The theory of elliptic curves involves a pleasing blend of algebra, geometry, analysis, and number theory. Rational Points on Elliptic Curves stresses this interplay as it develops the basic theory, thereby providing an opportunity for advanced undergraduates to appreciate the unity of modern mathematics. At the same time, every effort has been made to use only methods and results commonly included in the undergraduate curriculum. This accessibility, the informal writing style, and a wealth of exercises make Rational Points on Elliptic Curves an ideal introduction for students at all levels who are interested in learning abuot Diophantine equations and arithmetic geometry.
Most concretely, an elliptic curve is a set of zeros of a cubic polynomial in two variables. If the polynomial has rational coefficients, one can ask for a description of those zeros whose coordinates are either integers or rational numbers. It is this number theoretic question that is the main subject of Rational Points on Elliptic Curves. Topics covered include the geometry and group structure of elliptic curves, the Nagell–Lutz Theorem describing points of finite order, the Mordell–Weil theorem on the finite generation of the group of rational points, the Thue–Siegel theorem on the finiteness of the set of integer poitns, a result of Gauss counting the number of points with coordinates in a finite field, Lenstra's algorithm using elliptic curves to factor large integers, and a discussion of complex multiplication multiplication and the Galois representations associated to torsion points. Additional topics new to the second edition include an introduction to elliptic curve cryptography and a brief discussion of the stunning proof of Fermat's Last Theorem by Wiles et al. via the use of elliptic curves.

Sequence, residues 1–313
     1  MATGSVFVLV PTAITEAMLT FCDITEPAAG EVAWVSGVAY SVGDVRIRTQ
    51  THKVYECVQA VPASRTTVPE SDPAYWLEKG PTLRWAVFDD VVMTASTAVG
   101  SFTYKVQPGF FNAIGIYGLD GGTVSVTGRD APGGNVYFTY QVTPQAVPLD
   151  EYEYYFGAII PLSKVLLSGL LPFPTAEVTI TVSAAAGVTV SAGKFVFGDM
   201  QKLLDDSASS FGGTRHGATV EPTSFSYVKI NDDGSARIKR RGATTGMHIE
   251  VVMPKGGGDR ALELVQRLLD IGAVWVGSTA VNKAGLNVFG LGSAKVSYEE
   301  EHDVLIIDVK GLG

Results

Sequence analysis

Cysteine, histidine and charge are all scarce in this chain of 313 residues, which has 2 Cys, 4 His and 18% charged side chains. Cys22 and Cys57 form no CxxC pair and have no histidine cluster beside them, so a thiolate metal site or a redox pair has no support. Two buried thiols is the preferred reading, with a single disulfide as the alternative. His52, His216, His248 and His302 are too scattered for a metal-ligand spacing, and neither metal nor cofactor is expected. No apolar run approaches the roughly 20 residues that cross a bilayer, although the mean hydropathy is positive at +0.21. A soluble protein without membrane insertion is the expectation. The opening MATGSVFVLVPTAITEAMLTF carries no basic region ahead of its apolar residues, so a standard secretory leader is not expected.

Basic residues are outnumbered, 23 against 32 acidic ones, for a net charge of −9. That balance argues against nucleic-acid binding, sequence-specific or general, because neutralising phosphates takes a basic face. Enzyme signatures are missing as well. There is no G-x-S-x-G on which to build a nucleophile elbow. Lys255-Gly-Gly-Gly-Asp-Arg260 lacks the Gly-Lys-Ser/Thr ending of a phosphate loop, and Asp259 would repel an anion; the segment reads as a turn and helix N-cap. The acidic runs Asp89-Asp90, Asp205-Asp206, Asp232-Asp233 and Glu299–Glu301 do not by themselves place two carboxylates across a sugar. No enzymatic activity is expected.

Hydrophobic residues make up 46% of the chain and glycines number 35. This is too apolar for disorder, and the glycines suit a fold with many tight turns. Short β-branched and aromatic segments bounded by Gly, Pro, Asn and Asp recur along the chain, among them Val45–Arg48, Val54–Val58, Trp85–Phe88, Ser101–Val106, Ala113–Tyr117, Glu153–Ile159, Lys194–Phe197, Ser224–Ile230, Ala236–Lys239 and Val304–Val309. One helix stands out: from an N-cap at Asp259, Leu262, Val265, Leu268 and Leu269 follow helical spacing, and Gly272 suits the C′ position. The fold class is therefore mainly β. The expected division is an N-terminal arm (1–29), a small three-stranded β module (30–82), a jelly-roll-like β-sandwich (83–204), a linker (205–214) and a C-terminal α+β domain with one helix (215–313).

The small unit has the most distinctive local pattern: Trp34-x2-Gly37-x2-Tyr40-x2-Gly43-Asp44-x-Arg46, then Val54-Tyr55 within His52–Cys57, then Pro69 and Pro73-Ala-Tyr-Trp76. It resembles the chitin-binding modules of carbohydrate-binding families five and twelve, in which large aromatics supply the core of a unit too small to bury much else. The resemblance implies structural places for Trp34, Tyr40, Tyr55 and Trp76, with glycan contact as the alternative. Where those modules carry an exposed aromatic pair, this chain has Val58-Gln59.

|Chapter I:||Geometry and Arithmetic|
|Chapter II:||Points of Finite Order|
|Chapter III:||The Group of Rational Points|
|Chapter IV:||Cubic Curves over Finite Fields|
|Chapter V:||Integer Points on Cubic Curves|
|Chapter VI:||Complex Multiplication|
|Appendix A:||Projective Geometry|
Supplementary Notes by Rich Schwartz
(1) A primer on complex analysis.
(2) A proof that the Weierstrass function gives an isomorphism from C/Λ to an elliptic curve.
(3) A proof that every elliptic curve over C has a Weierstrass parametrization.
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